Connecticut Schools Get Their Report Cards This Week
GRACE E. MERRITT
July 28, 2009
HARTFORD - The Connecticut Mastery Test scores that will be released Wednesday will give school officials and teachers a snapshot of how well they're doing.
Parents and teachers can use the state data from the tests that students took last March to see how their town's schools stack up against other towns' and see how students are doing grade by grade.
The test, given to 250,000 public school students throughout the state, assesses whether third- through eighth-graders have the math, reading and writing skills they are expected to have learned. A similar test, called the Connecticut Academic Performance Test, is given to 10th-graders. Students in grades 5, 8 and 10 are also tested in science, a relatively new addition.
The test results give schools feedback on what they are doing well and pinpoint trouble spots where they need to adjust the curriculum or teaching techniques. Education leaders also use the data to compare demographic groups by sex and race to see if the instruction is reaching everyone effectively, and they also use it to track individual classes as they progress through the school.
"We can look at students who did well in fourth grade and look to see if they also do well in fifth grade and then the sixth grade," said Tom Murphy, a spokesman for the state Department of Education.
The tests also determine whether school systems have slipped under the federal No Child Left Behind guidelines and whether they have made adequate yearly progress to address deficiencies.
Connecticut was among the first states in the nation to introduce statewide standardized testing in 1986, Murphy said. The test was designed to provide information about how students and schools were doing and use that information to change curriculum and drive instruction.
Parents won't get individual test results for their children until September, when each school district distributes them.
Education leaders caution that parents should keep the test scores in perspective, pointing out that the test is only one measure of a school's success.
"It's one key indicator, but we also use other nonacademic indicators, such as suspension rates and attendance as well as student satisfaction," said Jeff Mulqueen, assistant superintendent for instructional services in New Britain.
"For parents, it's probably a better measure to look at their own child's performance in school," he said.
"Whatever the results are, remember this is a one-time snapshot. The test only measures a limited portion of the things a child is expected to learn and probably did learn during the year," said Monty Neill, interim executive director of FairTest, an advocacy group seeking to reform assessment and evaluation in education.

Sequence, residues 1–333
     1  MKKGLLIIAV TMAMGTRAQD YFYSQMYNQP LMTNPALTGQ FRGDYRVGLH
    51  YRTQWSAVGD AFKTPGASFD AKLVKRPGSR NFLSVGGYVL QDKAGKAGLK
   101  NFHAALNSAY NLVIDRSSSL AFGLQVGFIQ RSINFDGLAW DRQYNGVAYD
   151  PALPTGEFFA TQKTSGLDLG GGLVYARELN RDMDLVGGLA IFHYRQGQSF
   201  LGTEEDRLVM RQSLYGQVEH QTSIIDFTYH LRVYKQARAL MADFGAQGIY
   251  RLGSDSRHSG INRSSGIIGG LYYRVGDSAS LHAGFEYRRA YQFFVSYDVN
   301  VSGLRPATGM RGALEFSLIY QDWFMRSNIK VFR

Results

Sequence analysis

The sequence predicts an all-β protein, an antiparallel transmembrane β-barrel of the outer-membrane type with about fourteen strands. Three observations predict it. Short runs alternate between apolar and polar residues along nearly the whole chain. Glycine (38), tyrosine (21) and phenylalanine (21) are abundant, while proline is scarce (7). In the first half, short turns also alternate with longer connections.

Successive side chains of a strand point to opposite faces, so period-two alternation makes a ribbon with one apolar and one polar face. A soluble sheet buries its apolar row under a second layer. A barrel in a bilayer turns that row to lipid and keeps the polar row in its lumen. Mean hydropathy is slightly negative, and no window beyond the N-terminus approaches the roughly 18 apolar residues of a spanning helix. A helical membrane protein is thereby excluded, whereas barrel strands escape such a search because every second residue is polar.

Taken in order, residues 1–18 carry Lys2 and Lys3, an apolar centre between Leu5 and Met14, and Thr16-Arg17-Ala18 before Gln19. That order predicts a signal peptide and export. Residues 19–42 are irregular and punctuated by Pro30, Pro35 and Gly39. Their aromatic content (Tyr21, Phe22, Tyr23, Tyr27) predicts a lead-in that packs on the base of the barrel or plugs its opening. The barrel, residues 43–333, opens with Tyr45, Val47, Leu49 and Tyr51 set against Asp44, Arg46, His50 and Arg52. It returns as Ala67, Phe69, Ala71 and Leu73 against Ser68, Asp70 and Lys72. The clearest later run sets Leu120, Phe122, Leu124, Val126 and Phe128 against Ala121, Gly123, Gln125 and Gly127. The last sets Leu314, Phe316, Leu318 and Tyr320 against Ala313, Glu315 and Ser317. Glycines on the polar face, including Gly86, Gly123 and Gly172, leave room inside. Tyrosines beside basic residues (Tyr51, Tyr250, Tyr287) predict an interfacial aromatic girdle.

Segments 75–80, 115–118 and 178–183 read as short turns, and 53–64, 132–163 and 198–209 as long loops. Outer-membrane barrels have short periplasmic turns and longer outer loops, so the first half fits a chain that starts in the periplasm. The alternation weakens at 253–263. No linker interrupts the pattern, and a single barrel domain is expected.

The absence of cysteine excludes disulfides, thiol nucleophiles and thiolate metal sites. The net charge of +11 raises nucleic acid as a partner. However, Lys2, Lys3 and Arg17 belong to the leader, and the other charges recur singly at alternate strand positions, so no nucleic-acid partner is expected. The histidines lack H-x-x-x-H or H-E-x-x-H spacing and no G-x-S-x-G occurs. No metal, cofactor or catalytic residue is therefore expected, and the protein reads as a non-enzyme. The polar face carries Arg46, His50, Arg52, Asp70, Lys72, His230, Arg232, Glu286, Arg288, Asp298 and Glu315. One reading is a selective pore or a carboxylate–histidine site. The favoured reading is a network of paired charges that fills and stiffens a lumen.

Some experts have criticized standardized tests, saying that they encourage schools to "teach to the test" to get better scores.
Kathy Frega, a spokeswoman for the Connecticut Education Association, agrees, adding that in recent years No Child Left Behind has led to a "growing over-reliance on high-stakes testing."
Neill said: "A lot of it is very harmful because it means the curriculum is narrowed or that in a given subject like language arts, too much time is spent on test preparation rather than on taking the time to read real books or write papers or have a class discussion."
"Parents really need to be talking about this. If they get better scores, is it because the school has narrowed the curriculum or is it, in fact, that better teaching is going on?" he said.
Murphy acknowledged the criticism but said that educators are now more aware of finding balance within their curriculum with subjects that aren't tested, such as social studies, art and music.
"They are teaching to the test within a balance. If you're assessing what's important — that is, basic skills needed to survive in an academic environment — then there is pretty widespread agreement that you should be taught to the test," he said.
•Which organelle is responsible for allowing materials into and out of an animal cell?
D. Cell membrane
Reprinted with permission of the Hartford Courant.
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